From your backyard to what occurs in your neighborhood affects the water quality downstream. When it rains, stormwater runoff washes over the land, picking up contaminants including oil and grease from roads and parking lots; fertilizers, herbicides and pesticides from lawns and gardens; pet waste that was not picked up; and litter. This water flows into storm drains, which discharge directly to our local streams and lakes.
Why Your Watershed is Important
Your watershed should be important to you for many reasons, but mostly because the quality of our drinking water supply and the water we enjoy during recreational activities is related to the health of our streams and groundwater. Pollution in streams and lakes may keep us from using them for recreation.
Help Your Watershed
Environmental stewardship is everyone's responsibility. By making small changes to your lifestyle, you can help protect and improve the quality of your watershed.
- Absorb or use rainwater on-site: Create a rain garden, install a rain barrel or help absorb more water by reducing the lawn area and add more plants and tress.
- Fertilize in the fall, if at all: Excess fertilizers are washed off the land into streams by stormwater, polluting county streams and lakes.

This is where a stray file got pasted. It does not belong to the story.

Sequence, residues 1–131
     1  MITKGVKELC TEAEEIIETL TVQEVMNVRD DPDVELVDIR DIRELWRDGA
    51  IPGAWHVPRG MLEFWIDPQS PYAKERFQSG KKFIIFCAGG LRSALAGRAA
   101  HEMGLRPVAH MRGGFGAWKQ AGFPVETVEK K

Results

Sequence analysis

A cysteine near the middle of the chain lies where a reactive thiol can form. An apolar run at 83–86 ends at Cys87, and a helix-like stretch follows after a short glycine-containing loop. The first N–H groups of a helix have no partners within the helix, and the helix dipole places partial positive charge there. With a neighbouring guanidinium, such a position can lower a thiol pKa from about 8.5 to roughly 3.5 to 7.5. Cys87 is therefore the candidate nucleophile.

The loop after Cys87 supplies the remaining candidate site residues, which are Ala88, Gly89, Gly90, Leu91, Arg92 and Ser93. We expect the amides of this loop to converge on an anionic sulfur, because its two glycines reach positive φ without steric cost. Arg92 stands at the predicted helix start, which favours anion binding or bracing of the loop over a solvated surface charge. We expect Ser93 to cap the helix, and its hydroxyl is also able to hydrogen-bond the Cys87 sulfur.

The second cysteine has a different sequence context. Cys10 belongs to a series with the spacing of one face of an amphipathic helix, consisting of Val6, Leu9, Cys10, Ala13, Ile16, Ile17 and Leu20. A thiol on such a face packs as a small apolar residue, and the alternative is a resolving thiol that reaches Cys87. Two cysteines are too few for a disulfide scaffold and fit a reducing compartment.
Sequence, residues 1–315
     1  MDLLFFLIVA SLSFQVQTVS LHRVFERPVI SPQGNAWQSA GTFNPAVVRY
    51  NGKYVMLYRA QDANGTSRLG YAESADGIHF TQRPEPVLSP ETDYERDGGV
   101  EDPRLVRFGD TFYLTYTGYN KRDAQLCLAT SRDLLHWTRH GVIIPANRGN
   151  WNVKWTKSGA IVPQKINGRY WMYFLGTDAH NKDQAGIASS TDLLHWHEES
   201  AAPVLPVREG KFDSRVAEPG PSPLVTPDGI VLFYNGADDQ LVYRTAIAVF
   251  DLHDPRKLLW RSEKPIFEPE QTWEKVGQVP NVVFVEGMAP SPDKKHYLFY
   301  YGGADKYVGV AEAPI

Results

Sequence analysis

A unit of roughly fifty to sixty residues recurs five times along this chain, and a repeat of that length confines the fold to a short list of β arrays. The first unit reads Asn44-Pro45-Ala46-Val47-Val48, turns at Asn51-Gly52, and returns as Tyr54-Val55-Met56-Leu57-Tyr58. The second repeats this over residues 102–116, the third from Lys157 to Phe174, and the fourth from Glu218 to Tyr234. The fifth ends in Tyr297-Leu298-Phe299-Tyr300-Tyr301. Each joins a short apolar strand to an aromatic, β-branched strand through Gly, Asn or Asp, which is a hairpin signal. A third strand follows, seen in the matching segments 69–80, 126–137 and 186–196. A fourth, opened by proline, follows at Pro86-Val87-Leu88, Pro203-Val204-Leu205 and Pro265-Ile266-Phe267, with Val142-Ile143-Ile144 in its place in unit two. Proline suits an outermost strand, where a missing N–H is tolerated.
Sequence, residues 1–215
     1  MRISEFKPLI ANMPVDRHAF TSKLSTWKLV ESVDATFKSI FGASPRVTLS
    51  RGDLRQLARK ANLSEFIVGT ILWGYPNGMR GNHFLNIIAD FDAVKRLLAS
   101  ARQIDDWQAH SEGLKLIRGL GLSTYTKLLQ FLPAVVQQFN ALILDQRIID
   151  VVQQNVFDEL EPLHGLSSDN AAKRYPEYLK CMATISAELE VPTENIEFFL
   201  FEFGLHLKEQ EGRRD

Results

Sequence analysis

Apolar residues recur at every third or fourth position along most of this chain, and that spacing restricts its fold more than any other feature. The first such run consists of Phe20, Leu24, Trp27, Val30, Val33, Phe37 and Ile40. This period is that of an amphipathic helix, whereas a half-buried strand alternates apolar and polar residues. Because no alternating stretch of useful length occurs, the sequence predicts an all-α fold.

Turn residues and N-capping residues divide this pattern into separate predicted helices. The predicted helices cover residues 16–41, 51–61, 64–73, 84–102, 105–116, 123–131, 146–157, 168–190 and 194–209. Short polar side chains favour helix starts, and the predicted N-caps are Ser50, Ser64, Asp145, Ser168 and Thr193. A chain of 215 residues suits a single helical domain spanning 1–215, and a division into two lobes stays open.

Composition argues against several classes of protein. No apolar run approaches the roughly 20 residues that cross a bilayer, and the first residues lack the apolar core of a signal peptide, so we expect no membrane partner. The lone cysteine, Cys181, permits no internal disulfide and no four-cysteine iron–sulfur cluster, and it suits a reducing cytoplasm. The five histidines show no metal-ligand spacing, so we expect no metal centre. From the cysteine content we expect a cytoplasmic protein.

- Clean up after pets: Pet waste should be put in the trash or flushed down the toilet. Waste left on the ground washes into streams and contributes to high levels of bacteria in our water. Pet Waste
- Properly dispose of household chemicals: If household cleaners are not disposed of correctly, they may end up in stormwater and into local streams and rivers. Although phosphates are very effective cleaners, in lakes and rivers phosphates cause a rapid growth of algae, resulting in pollution of the water. Washing Your Car
- Join a stream cleanup: Trash is not only unsightly; it is a hazard to the animals that make streams their homes. There are several regional cleanups throughout the area every year.
- Participate in watershed planning: Learn in which watershed you live and find the status of planning efforts in your watershed.